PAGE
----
Evaluate for integrity, inclusion & influence

Advice from the experts on community engagement evaluation

Evaluate for integrity, inclusion & influence
I asked engagement evaluation experts from across Australia to give me their top tips for community engagement. This post explores their advice and examines the benefits of engagement evaluation in more detail.

Evaluation is essential for best practice, innovative community engagement. But, it's one step in the engagement journey that public sector organisations still struggle to get right. But, never fear, our evaluation experts are coming to the rescue - both via this blog post and at upcoming evaluation training in Melbourne and Sydney.

Many thanks to our contributors for this post: Allison Hendricks (Darzin Software and Simply Stakeholders*), Max Hardy (Max Hardy Consulting), Don Sharples (AltometerBI) and Amanda Newbery (Articulous).

For many projects I’ve worked on, time is at a premium and community engagement is usually fitted in around other ‘more serious’ project delivery milestones. While this comes with the job to a certain extent, it’s not the best environment to foster a timely, authentic and meaningful engagement practice.

On project completion, a report on your project’s ‘community engagement activities’ will likely be required for compliance. However, many of us are rarely given time to reflect on the impact and effectiveness of our work. This is a shame, because evaluation helps us to understand what our engagement has achieved and how we can improve next time.

Through evaluation we explore whether our approach revealed insights that authentically influenced outcomes. The opportunity to be more ‘scientific’ about our approach and also grow and develop as practitioners. As you’ll read later in this article and see in the video – it’s evaluation that will help us to professionalise and legitimise our work as a sector.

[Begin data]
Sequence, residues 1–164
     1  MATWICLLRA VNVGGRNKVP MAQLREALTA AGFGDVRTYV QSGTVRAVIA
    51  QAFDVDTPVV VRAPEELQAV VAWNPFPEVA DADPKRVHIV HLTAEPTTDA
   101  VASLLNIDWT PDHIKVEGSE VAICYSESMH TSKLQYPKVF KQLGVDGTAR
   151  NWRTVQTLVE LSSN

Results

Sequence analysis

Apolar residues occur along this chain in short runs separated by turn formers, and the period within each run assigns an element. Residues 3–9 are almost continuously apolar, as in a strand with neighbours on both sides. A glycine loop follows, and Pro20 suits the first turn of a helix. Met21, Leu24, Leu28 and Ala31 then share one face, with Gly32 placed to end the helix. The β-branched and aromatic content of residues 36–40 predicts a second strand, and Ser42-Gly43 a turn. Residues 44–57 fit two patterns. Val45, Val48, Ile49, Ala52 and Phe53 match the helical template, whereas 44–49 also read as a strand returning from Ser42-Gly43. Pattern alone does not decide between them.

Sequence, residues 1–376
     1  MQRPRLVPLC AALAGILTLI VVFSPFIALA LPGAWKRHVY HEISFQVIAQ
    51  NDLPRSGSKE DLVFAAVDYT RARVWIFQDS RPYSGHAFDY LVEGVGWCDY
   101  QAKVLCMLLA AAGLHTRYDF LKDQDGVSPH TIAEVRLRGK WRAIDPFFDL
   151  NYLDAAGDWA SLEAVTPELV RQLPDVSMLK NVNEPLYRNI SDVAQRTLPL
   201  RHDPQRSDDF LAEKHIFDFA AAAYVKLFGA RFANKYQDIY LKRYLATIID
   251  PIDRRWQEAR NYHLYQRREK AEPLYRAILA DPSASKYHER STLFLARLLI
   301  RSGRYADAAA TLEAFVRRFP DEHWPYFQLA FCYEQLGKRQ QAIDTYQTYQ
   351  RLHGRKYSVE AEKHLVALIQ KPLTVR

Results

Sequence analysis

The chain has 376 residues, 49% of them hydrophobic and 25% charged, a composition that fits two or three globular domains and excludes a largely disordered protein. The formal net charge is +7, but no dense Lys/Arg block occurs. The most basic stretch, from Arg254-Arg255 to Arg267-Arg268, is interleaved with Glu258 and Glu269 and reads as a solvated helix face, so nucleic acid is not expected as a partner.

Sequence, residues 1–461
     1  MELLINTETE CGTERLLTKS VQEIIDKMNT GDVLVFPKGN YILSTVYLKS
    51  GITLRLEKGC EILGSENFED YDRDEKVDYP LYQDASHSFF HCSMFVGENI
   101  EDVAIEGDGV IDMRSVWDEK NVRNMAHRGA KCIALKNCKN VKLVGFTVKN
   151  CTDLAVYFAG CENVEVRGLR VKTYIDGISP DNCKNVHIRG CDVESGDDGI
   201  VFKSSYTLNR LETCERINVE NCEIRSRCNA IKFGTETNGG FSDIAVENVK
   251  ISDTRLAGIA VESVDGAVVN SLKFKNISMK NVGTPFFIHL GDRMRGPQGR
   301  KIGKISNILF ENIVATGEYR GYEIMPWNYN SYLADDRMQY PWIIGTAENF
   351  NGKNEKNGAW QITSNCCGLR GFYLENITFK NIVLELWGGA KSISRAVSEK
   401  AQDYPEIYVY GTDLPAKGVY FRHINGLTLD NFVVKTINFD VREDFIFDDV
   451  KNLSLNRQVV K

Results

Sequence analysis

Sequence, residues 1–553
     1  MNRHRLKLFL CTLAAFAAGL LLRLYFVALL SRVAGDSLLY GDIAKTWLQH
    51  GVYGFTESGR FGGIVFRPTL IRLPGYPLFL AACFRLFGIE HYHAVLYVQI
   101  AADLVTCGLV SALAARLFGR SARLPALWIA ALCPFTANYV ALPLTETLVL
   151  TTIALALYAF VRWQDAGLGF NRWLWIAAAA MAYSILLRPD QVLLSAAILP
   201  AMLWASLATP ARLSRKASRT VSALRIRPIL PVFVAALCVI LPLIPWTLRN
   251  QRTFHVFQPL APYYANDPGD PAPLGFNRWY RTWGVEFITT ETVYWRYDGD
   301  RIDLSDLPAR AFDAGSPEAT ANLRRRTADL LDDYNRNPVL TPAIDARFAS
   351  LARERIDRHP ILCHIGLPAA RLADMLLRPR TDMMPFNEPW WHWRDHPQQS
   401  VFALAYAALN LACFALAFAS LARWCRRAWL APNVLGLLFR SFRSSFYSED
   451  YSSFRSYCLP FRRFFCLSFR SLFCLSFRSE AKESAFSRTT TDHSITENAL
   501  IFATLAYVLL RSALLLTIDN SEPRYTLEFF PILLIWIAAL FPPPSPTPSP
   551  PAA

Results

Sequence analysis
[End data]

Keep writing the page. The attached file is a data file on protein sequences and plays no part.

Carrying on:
Our definition of engagement evaluation

While many sector evaluate the effectiveness of their work. In the engagement sector, there are number of models we can use to measure the quality of our processes and outputs.

Some of the more common methods include:

  • The Brisbane Declaration measures: In 2005, a group of engagement practitioners signed the Brisbane Declaration at the International Conference on Engaging Communities. The declaration suggests that we evaluate our work for: integrity, inclusion, deliberation and influence. Allison Hendricks has created a guide for evaluation based on the standards - this will be presented during our upcoming evaluation training in Melbourne and Sydney.
  • IAP2 Evaluation considerations: evaluation is one of the courses people complete as a part of IAP2 certification. During that training, people are encouraged to think about ways they can measure: accessibility/reach, cost effectiveness, communication, feedback/input, and project management
What would you add to this definition? Do you agree or disagree? Join the conversation on Facebook or LinkedIn.

Benefits and advice for improving evaluation

What are the benefits of investing in engagement evaluation?

Allison: If you are interested in improving the process or the outcome of your community engagement, then you really need to be evaluating and reporting. It's like the old saying, what gets measured, gets done... and with community engagement, what gets measured often drives the process design and, sometimes, even the outcome.

Max: You start to measure things that count, and things that encourage much better behaviour with the whole project team. For example: What did you learn from the public? Do they feel like their concerns and interests are being understood? Are their contributions making a difference? Even though this might be challenging to measure at the start, it will revolutionise the way you work.

Don: Credibility is built within an organisation because of good evaluation. Recently, a client found a great deal of success engaging with their own internal stakeholders after they shared the evaluation they had been doing. It totally changed the way engagement was seen in the organisation, and opened up a range of doors for them to try new things.

Amanda: Evaluation might not be the sexiest or the most or the most creative part of our sector, but it is a critical element in allowing our profession to grow it's legitimacy and earn respect within organisations. It also allows us to demonstrate the true value that community engagement brings to projects, policies and organisational reform.